By Catherine Wagley
By Channing Sargent
By L.A. Weekly critics
By Amanda Lewis
By Catherine Wagley
By Carol Cheh
By Keegan Hamilton
By Bill Raden
Some letter writers apologized for other people's flames before I'd even read them, which is how I learned that, with few exceptions, the letters came from readers of a Web site called Slashdot (www.slashdot.org), "news for nerds." I look to Slashdot (aka "/.") somewhat regularly for its links to stories on open-source software, but I hadn't known they'd linked to me until a sympathetic reader wrote to console me. "I'm sorry about what they're saying about you on /.," wrote one respondent. "I think it's really unfair." So I went to the site to read about myself, a "semi-informed journalist," writing a "not entirely negative" story about Linux. By the time I got there, the follow-up comments numbered in the 100s.
Oh, I had supporters, to be sure. Several of them denounced the sexism of an "Anonymous Coward" -- Slashdot's blanket pseudonym for anonymous posters -- who called me the "Martha Stewart of computing"; a few more admitted that they, too, are forced by either cultural pressure or professional need to resort to Microsoft applications. But mostly, the thread of discussion on Slashdot could be best described as Orwellian.
I was shocked. Could these Linux fascists be related to the freethinking, friendly Linux community I met years ago on the Internet Relay Chat, where once a helpful soul stayed up half the night walking me through the setup for Slackware? Honestly, even feminists have come to realize that their movement is about choice, not new rules; how is it that Linux fans, like abusive husbands, have adopted the creed of Redmond: If you don't like it our way, you're wrong?
On the other hand, I have Slashdot to thank for furthering my technological progress. After its club gangbanged my personal reflection on Linux, I recognized that Linux didn't need my advocacy anymore. With companies both young and entrenched lining up to develop business applications for the Windows alternatives, Linux has developed its own profit-motivated momentum, complete with zealous evangelists who have invested their professional futures -- as consultants, systems analysts and pundits -- in the operating system's success. The Slashdotters have become a cautionary tale: Never get married to an OS. No one will ever invent one that can meet all your needs, and you'll turn out defiant, unreasonable and angry, dogmatic in your inability to make rational decisions about how to tailor a system to an individual.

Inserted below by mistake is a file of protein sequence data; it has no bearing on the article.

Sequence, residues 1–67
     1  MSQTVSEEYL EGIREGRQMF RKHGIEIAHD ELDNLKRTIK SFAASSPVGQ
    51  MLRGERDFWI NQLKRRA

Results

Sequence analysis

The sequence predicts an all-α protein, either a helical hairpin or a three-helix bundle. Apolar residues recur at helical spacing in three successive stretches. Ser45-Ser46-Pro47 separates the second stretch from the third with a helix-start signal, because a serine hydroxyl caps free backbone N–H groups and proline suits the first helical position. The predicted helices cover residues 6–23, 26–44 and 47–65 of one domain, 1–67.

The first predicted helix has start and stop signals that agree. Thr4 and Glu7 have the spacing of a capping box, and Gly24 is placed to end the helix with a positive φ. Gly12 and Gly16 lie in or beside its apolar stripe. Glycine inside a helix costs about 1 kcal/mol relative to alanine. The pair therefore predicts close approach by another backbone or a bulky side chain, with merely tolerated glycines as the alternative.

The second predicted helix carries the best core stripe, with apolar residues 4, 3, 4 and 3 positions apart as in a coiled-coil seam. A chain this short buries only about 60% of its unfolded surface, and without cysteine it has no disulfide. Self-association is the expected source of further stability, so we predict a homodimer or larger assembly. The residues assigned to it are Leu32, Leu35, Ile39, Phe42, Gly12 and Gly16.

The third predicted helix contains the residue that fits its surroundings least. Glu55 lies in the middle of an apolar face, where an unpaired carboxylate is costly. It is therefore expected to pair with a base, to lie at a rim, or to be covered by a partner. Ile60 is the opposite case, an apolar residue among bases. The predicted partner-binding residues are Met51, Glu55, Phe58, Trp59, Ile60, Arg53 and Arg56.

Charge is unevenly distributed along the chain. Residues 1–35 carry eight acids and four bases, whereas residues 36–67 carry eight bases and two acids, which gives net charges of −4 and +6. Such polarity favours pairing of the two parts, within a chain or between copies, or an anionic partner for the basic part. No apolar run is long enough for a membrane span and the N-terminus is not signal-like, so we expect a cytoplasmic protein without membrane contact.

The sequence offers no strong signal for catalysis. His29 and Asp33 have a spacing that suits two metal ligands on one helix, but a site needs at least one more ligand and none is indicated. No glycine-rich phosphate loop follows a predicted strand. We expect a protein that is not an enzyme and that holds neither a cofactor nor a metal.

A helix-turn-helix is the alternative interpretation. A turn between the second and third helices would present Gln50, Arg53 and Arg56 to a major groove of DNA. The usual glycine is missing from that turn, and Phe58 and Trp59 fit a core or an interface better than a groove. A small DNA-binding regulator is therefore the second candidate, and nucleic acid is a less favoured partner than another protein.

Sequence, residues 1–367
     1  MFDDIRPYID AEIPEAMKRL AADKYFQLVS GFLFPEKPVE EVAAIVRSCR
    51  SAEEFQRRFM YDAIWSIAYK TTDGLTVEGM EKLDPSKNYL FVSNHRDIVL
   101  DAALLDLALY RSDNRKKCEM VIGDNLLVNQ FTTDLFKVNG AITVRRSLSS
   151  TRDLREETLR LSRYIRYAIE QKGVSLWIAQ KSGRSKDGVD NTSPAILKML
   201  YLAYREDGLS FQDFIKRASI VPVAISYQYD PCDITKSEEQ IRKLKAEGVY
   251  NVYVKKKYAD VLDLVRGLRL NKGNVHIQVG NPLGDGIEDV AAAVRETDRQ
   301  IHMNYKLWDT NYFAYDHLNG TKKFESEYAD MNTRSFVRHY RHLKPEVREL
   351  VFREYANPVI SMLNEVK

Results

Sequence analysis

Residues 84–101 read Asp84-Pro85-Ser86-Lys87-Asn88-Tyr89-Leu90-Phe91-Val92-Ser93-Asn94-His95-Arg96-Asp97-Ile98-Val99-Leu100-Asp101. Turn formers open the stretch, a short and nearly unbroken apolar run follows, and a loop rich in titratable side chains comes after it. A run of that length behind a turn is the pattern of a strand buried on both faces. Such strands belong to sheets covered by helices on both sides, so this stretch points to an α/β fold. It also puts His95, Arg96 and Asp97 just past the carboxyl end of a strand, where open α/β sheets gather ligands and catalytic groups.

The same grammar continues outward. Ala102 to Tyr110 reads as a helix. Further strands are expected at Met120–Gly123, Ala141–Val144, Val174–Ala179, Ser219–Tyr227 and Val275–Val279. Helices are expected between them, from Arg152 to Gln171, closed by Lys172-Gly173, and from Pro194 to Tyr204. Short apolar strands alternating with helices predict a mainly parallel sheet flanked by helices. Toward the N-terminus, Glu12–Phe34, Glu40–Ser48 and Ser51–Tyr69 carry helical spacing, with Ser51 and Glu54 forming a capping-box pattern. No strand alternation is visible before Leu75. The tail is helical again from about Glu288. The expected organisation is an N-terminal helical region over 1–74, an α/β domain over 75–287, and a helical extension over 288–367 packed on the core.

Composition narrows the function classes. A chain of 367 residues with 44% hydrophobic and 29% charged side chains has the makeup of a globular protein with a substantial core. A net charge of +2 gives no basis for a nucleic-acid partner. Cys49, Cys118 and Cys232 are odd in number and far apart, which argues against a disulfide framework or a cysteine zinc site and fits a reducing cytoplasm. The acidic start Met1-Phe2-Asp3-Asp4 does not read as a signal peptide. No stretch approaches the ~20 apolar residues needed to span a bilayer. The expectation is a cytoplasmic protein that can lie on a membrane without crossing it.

I originally chose Linux in 1994 because I had a 386 with no operating system to rehabilitate, and Linux was, and remains, free (as in beer, not speech). I still use it. But I'm no longer religious about it. In fact, a few weeks ago, when I made plans with a fellow aspiring gearhead to build a local area network in his four-plex, connecting several computers via Ethernet to one high-speed Internet connection, I jettisoned plans to install Linux on the server and moved on, to another free, open and stable Unix clone: FreeBSD (named after its precursor, the Berkeley Software Distribution), version 2.2.8.
Like Linux, FreeBSD is free in every sense of the word. It can be downloaded from an FTP site (ftp.freebsd.org) to floppy disks, installed over a network, or purchased prepackaged on a CD-ROM for $39.95. The operating system and its applications are maintained by a large group of individuals who call themselves the FreeBSD Project (www.freebsd.org/handbook/staff.html) and keep their source code and development progress exposed to the public so outsiders can contribute to perfecting it. It runs on Intel-based PCs, and it's remarkably stable. According to a recent issue of PC Week, several systems managers have opted for FreeBSD over Windows NT not because it costs $600 less, but because it has fewer bugs.
And several Webmasters have chosen FreeBSD over Linux, not because they got pounded by Slashdotters, but because FreeBSD handles twice the Web traffic. On the other hand, user-friendly, everyday applications for FreeBSD -- word-processing programs, spreadsheets and the like -- are even scarcer than they are for Linux. So here's my perfect world: Microsoft Word for writing, FreeBSD for the network, Linux for e-mail, Web browsing, syncing the Palm Pilot and playing programmer. The best application wins, politics be damned. I can't imagine why anyone would want it any other way.